A RLWE signature uses polynomials which are considered "small" with respect to a measure called the "infinity norm". The infinity norm for a polynomial is simply the largest absolute value of the coefficients of the polynomial when those coefficients are viewed as integers in Z rather than Zq .[10] The signature algorithm will create random polynomials which are small with respect to a particular infinity norm bound. This is easily done by randomly generating all of the coefficients of the polynomial (a0, ..., an-1) in a manner which is guaranteed or very likely to be less than or equal to this bound. In the literature on Ring Learning with Errors, there are two common ways to do this:[13]

  • Using Uniform Sampling - The coefficients of the small polynomial are uniformly sampled from a set of small coefficients. Let b be an integer that is much less than q. If we randomly choose polynomial coefficients from the set: { -b, -b+1, -b+2. ... -2, -1, 0, 1, 2, ... , b-2, b-1, b} the infinity norm of the polynomial will be ≤ (b).
  • Using Discrete Gaussian Sampling - For an odd integer q, the coefficients are randomly chosen by sampling from the set { -(q-1)/2 to (q-1)/2 } according to a discrete Gaussian distribution with mean 0 and distribution parameter σ. The references provide more details on this method.

In the RLWE signature GLYPH used as an example below, coefficients for the "small" polynomials will use the uniform sampling method and the value b will be much smaller than the value q.[10]

Hashing to a "small" polynomial[edit]

Most RLWE signature algorithms also require the ability to cryptographically hash arbitrary bit strings into small polynomials according to some distribution. The example below uses a hash function, POLYHASH(ω), which accepts a bit string, ω, as input and outputs a polynomial with n coefficients such that exactly k of these coefficients have absolute value greater than zero and less than an integer bound b (see above).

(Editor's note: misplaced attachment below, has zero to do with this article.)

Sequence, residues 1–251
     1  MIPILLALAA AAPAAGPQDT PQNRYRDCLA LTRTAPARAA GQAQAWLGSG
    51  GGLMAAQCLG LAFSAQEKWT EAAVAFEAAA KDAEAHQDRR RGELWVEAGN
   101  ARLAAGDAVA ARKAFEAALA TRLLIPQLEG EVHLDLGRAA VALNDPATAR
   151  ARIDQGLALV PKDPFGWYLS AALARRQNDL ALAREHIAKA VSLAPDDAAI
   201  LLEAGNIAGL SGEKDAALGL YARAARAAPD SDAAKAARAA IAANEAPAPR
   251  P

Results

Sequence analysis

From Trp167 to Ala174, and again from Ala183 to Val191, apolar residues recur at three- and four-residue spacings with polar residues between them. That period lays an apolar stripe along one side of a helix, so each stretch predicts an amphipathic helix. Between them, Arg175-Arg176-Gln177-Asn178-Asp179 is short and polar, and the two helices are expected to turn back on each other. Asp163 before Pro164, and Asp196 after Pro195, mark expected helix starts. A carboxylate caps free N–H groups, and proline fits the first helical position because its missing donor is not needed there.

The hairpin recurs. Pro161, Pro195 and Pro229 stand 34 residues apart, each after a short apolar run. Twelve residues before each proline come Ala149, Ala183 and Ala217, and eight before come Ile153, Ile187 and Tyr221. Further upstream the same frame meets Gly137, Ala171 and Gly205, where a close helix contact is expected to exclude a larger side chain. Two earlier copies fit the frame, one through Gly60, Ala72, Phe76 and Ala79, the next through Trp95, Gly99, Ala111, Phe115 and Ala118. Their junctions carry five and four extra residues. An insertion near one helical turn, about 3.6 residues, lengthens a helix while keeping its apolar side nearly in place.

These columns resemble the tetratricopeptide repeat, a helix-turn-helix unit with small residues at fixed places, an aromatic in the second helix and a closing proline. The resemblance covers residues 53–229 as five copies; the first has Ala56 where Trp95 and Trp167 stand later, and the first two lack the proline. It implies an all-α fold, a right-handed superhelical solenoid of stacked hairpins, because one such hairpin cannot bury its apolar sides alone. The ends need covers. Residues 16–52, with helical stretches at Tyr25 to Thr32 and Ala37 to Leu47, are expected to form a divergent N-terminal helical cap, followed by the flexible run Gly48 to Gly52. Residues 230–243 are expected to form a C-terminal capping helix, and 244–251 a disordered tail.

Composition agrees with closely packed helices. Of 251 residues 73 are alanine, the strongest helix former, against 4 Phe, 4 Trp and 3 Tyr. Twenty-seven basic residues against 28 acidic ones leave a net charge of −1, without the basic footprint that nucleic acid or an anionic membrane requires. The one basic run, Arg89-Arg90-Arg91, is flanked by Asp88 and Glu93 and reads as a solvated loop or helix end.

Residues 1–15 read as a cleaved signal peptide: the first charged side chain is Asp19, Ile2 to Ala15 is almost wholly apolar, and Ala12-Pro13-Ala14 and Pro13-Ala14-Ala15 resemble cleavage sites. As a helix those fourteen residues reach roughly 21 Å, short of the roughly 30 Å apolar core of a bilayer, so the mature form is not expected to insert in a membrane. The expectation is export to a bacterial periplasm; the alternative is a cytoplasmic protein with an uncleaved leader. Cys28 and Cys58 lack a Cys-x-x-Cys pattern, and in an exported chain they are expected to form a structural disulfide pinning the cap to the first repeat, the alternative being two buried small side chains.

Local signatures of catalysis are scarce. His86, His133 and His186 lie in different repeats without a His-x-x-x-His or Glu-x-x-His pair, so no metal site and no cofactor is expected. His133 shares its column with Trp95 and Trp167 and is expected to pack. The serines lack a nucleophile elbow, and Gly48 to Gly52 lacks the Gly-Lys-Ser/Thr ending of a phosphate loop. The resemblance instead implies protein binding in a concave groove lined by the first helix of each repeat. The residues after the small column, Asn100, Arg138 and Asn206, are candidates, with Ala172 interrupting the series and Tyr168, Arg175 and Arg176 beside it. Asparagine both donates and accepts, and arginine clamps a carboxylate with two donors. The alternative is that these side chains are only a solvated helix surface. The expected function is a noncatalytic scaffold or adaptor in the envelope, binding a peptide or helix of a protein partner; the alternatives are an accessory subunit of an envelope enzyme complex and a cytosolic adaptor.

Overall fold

Rejection sampling[edit]

A key feature of RLWE signature algorithms is the use of a technique known as rejection sampling.[13][12] In this technique, if the infinity norm of a signature polynomial exceeds a fixed bound, β, that polynomial will be discarded and the signing process will begin again. This process will be repeated until the infinity norm of the signature polynomial is less than or equal to the bound. Rejection sampling ensures that the output signature is not exploitably correlated with the signer's secret key values.

In the example which follows, the bound, β, will be (b - k), where b is the range of the uniform sampling described above and k will be the number of non-zero coefficients allowed in and "accepted" polynomial[10]

Other parameters[edit]

Following GLYPH and as noted above, the maximum degree of the polynomials will be n-1 and therefore have n coefficients.[10] Typical values for n are 512, and 1024.[10] The coefficients of these polynomials will be from the field Fq where q is an odd prime congruent to 1 mod 4. For n=1024, GLYPH sets q = 59393, b=16383 and k the number of non-zero coefficients in the output of Polyhash equal to 16.[14] The number of non-zero coefficients k produced by the hash function is equal to 32 for both cases.[10] The security of the signature scheme is closely tied to the relative sizes of n, q, b, and k. Details on setting these parameters can be found in references 5 and 6 below.[13][10][14]

As noted above, the polynomial Φ(x) which defines the ring of polynomials used will be xn + 1. Finally, a(x) will be a randomly chosen and fixed polynomial with coefficients from the set { -(q-1)/2 to (q-1)/2 }. The polynomial a(x) should be chosen in a "Nothing Up My Sleeve" manner such as one-way hashing the output of a true noise random number generator (TRNG) or using the digital expansion of well known mathematical constans such as pi or e. All signers and verifiers of signatures will know n, q, b, k, Φ(x), a(x) and β = b-k.

Public key generation[edit]

An entity wishing to sign messages generates its public key through the following steps:

  1. Generate two small polynomials s(x) and e(x) with coefficients chosen uniformly from the set {-b,...-1, 0, 1, ..., b}
  2. Compute t(x) = a(x)·s(x) + e(x)
  3. Distribute t(x) as the entity's public key

The polynomials s(x) and e(x) serve as the private key and t(x) is the corresponding public key. The security of this signature scheme is based on the following problem. Given a polynomial t(x) find small polynomials f1(x) and f2(x) such that: a(x)·f1(x) + f2(x) = t(x)

If this problem is difficult to solve, then the signature scheme will be difficult to forge. [See the Wikipedia article on Ring Learning with Errors or Ideal Lattice Cryptography for more details on the theoretical difficulty of this problem]

Signature generation[edit]

Following GLYPH,[14] to sign a message m expressed as a bit string, the signing entity does the following:

  1. Generate two small polynomials y1(x) and y2(x) with coefficients from the set {-b, ..., 0, ...., b}
  2. Compute w(x) = a(x)·y1(x) + y2(x)
  3. Map w(x) into a bit string ω